By John M. Pachkowski, J.D.
The Federal Reserve Board has updated its Frequently Asked Questions regarding the application of section 13 to the Bank Holding Company Act of 1956 (BHC Act), commonly referred to as the Volcker Rule, and regulations adopted by the Fed, Office of the Comptroller of the Currency, Federal Deposit Insurance Corporation, Securities and Exchange Commission, and Commodity Futures Trading Commission. The Fed noted that while the FAQs apply to banking entities for which the Fed has jurisdiction under section 13 of the BHC Act, they have been developed by staff of all five agencies.
In FAQ No. 17, the agencies’ staff was asked whether a banking entity’s compliance program for market making-related activities may include objective factors on which a trading desk may reasonably rely to determine whether a security is issued by a covered fund. The staff were further asked whether a market maker meets its compliance program requirements by making use of a shared utility or third-party service provider that utilizes objective factors to identify whether a security is issued by a covered fund.
Objective factors. At the outset of their analysis the agencies’ staff noted that a bank relying on the market making exemption to the Volcker Rule must have a reasonably designed compliance program for a trading desk involved in the market making activity. As for the design of the compliance program, the staff added that the trading desk may include “objective factors” on which the trading desk may reasonably rely to determine whether a security is issued by a covered fund. For purposes of the Volcker Rule, “objective factors” are considered to be factual criteria that can be used to reliably identify whether an issuer or a particular type of issuer is a covered fund.
As to the issue of relying on objective factors to determine whether a security is issued by a covered fund, the staff concluded that an objective factor would be whether securities of the issuer were offered in transactions registered under the Securities Act. On the other hand, the staff cautioned that it would not be reasonable for a trading desk to rely solely on either or both the name of the issuer or the title of the issuer's securities. They noted that these factors alone would not convey sufficient information about the issuer for a trading desk reasonably to determine whether a security is issued by a covered fund.
Shared utility/service providers. In responding to whether a banking entity can make use of a shared utility or third-party service provider that utilizes objective factors to identify whether an issuer or a particular type of issuer is a covered fund, the agencies’ staff stated that the shared utility, or a third-party service provider must be subject to independent testing and audit requirements applicable to the banking entity's compliance program. The staff also noted that if the shared utility or third-party service provider is not effective in identifying whether a security is issued by a covered fund, then the banking entity must promptly update its compliance program to remedy any defects issues and, as necessary, take action under Volcker Rule implementing regulations, such as terminating an activity or investment.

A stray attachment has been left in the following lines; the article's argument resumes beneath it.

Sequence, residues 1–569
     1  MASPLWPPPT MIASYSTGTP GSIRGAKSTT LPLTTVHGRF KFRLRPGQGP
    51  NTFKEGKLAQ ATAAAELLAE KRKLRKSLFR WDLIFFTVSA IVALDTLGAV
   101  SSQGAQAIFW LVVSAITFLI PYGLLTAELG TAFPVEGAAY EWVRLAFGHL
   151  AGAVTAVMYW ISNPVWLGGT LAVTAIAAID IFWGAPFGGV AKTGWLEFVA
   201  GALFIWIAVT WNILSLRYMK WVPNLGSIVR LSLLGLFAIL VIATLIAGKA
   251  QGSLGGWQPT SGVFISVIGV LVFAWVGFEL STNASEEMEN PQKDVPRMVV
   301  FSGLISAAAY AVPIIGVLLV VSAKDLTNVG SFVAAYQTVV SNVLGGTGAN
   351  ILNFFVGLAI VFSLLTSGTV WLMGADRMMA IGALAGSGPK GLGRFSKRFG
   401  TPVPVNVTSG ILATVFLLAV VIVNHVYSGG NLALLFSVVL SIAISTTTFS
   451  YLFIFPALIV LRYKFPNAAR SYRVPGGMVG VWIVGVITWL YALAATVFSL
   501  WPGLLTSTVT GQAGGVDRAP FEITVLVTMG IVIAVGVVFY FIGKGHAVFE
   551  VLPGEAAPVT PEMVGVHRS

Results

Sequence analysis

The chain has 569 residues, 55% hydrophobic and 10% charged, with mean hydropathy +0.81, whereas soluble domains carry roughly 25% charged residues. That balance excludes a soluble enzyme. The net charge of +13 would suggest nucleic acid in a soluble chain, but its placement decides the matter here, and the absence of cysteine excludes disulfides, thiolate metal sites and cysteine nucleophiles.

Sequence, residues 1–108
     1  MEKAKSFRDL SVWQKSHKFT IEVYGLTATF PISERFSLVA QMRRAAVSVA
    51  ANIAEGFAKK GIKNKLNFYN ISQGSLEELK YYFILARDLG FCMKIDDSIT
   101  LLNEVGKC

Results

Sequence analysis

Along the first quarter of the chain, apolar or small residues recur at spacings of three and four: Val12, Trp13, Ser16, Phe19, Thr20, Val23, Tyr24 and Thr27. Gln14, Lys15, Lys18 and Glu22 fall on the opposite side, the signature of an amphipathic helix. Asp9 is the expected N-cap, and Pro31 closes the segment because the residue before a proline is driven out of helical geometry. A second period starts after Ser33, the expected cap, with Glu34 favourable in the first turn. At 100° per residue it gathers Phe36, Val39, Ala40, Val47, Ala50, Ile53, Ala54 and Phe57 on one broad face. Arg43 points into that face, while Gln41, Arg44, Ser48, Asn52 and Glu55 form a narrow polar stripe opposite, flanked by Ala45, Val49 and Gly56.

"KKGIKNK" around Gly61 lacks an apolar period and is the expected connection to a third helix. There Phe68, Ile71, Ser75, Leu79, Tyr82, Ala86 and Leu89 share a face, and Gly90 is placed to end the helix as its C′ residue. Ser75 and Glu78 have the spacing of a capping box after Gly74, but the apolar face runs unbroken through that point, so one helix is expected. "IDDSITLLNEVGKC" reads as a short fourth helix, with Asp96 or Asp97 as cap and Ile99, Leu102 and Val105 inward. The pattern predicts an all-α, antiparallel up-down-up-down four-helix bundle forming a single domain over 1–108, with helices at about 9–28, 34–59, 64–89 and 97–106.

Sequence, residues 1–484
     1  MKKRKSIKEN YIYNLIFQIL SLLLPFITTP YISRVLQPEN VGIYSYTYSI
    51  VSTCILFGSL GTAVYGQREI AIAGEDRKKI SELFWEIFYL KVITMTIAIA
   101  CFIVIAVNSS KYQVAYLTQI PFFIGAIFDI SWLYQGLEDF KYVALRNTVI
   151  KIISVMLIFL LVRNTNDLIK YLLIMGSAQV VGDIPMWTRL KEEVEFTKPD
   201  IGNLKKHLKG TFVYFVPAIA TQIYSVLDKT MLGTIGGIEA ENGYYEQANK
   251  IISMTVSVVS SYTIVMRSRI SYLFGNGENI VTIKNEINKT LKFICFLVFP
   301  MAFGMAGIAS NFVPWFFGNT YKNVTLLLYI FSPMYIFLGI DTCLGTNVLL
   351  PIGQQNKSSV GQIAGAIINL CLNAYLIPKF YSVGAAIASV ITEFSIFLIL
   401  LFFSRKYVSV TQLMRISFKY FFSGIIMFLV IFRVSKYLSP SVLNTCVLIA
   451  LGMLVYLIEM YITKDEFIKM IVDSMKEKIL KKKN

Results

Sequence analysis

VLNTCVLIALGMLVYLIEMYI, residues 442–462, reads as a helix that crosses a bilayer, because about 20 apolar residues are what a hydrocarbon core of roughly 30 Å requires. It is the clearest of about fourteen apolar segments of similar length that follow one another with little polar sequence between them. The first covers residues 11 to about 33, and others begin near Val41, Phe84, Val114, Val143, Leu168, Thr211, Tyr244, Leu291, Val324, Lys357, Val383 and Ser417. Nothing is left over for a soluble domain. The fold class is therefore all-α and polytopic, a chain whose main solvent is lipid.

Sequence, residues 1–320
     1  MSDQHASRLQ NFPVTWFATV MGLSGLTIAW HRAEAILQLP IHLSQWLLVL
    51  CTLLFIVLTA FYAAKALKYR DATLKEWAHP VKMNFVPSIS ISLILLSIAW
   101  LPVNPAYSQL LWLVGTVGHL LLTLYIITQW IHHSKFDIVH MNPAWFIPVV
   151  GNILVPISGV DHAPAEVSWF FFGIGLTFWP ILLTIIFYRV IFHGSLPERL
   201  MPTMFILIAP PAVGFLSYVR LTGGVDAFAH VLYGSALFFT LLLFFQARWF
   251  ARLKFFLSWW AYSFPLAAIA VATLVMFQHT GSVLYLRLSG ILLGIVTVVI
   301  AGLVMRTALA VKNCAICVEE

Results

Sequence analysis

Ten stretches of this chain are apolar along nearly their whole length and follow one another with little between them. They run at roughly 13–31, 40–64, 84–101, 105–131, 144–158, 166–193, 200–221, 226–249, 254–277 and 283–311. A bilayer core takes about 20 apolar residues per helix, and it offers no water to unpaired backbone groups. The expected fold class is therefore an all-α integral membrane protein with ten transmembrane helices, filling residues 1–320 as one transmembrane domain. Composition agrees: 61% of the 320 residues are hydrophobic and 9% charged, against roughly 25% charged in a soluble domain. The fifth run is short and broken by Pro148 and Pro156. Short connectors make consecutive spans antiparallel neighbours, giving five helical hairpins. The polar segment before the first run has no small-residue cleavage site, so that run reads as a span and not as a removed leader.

CEO certification. New FAQ No. 18 discusses the timing of when a banking entity is required to submit the annual CEO certification for prime brokerage transactions. The FAQ also discusses the timing issue as to legacy covered funds.
Although the Volcker Rule regulations generally place certain limitations on a banking entity’s relationships with a covered fund, the regulations allow the banking entity to enter into any prime brokerage transaction with any covered fund in which a covered fund managed, sponsored, or advised by such banking entity, or an affiliate, has taken an ownership interest. These prime brokerage transactions are permissible, so long as the conditions enumerated in the final rule are satisfied which includes an annual written CEO certification. For purposes of the Volcker Rule regulations, a “prime brokerage transaction” means any transaction that would be a covered transaction, as defined in section 23A(b)(7) of the Federal Reserve Act that is provided in connection with custody, clearance and settlement, securities borrowing or lending services, trade execution, financing, or data, operational, and administrative support.
To fulfill the certification requirement, a CEO should submit the first certification after the end of the conformance period but no later than March 31, 2016. A banking entity can provide the required annual certification in writing at any time prior to the March 31 deadline to the relevant agency.
The timing of the CEO certification for legacy funds—covered funds sponsored or owned by a banking entity prior to Dec. 31, 2013—must be submitted by March 31 following the end of the relevant conformance period. Since the conformance period currently ends on July 21, 2016, the CEO certification must be submitted by March 31, 2017. However, the Fed has signaled its intentions to further extend the conformance period until July 31, 2017. Therefore, it is conceivable the CEO certification could be submitted by March 31, 2018.